Rise to greatness: The story of the Eagles O-Line

<b>The current offensive line of the Philadelphia Eagles has been together as a cohesive unit for 2 entire seasons. If it wasn't for an injury to center Bubba Miller, the line without the current starter Hank Fraley, would than have been together for four straight seasons. As it is, Hank Fraley is now the starting center, the anchor and the play caller for this offensive line, which is considered by many to be one of the best in the NFL.</b>

Looking at the other three NFC East teams, it's easy to see why the offensive line has been such a priority to the head coaches of the Eagles. The Washington Redskins had the Hogs throughout the 80's and 90's that led them to three Super Bowl championships. The New York Giants in the late 80's to early 90's won two Super Bowls with a tremendous offensive line led by the likes of Jumbo Elliot, Bart Oates, and William Roberts to name a few. The Dallas Cowboys took over the NFC East reigns from the Giants with three Super Bowls of their own. The Cowboys were led by a large size offensive line as well and all five members bare mention here: Nate Newton, Mark Stepnoski, Kevin Gogan, Mark Tuinei, and last but definitely not least, big Erik Williams. Seeing their NFC East neighbors bring home eight Super Bowl rings in 14 years was enough to convince Rich Kotite, Ray Rhodes, as well as Andy Reid that the blue print for the Super Bowl lies in the construction of a solid offensive line.

The attempted construction of a solid line began with Rich Kotite and unfortunately it didn't end there. From the time Kotite took over the head-coaching job in Philly back in 1991 to his last season in 1994, the Eagles only had three first round picks and all three were used, or shall we say wasted on offensive linemen. Antone Davis, a tackle out of Tennessee was the first blunder. Lester Holmes, a guard out of Jackson State was the second such waste, but he was perhaps the best of the three. Bernard Williams, a tackle out of Georgia could not get over his substance abuse issue and had a very brief career in the NFL. Williams was by far the worst of the three picks. Due to the poor use of the draft, eminent doom was the fate for the next coach to walk into Philadelphia, Ray Rhodes.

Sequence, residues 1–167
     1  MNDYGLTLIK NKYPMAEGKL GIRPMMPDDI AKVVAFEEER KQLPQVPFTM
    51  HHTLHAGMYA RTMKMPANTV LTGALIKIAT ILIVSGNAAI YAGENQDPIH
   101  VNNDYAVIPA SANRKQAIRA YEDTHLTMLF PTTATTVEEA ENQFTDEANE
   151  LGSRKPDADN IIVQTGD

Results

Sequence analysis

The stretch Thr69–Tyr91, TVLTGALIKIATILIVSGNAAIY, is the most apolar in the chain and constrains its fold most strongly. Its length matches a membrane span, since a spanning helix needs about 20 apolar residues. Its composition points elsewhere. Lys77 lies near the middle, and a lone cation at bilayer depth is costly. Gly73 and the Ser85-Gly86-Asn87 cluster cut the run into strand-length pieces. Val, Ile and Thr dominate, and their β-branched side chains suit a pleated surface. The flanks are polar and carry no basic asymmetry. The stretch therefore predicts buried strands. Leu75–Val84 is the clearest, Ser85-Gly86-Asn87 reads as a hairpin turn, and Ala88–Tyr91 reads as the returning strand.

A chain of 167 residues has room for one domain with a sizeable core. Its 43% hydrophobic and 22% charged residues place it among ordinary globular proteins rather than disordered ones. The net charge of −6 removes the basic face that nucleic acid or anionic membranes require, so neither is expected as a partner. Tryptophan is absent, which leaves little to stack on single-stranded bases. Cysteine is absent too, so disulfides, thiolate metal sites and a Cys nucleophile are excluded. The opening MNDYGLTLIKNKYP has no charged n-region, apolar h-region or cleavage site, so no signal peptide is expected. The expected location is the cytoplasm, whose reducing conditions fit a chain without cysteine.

Although most of the credit today for the success of the Eagles is given to Andy Reid, Ray Rhodes was the one who began the creation of the formidable and mammoth offensive line we now see during his four years stay as the head coach of the Eagles. His first round pick in 1996 of G/T Jermane Mayberry out of Texas A&M – Kingsville along with his 1998 first round selection of tackle Tra Thomas out of Florida State are both Pro Bowlers from a season ago. Reid devoted his first season in Philly to the continuation of the project left behind by Rhodes by drafting G/T John Welbourn out of California University as well as the free agent signing of tackle Jon Runyan away from the Tennessee Titans during that same off-season. Both Welbourn and Runyan are starters today on the offensive line with Runyan being named to the Pro Bowl last year and Welbourn being only a step away from All-Pro recognition. Center Hank Fraley, signed as an un-drafted rookie out of Robert Morris anchors the line today.

When evaluating the recent success of the Eagles, look no further than to the offensive line you see in front of Donovan McNabb. The Eagles are doing nothing new when it comes to winning. They are merely using the mold provided to them by their NFC East rivals. The formula for success is having a good offensive line and if history is any indication of what the future might bring, Lincoln Financial should be the home of the next Super Bowl champions.

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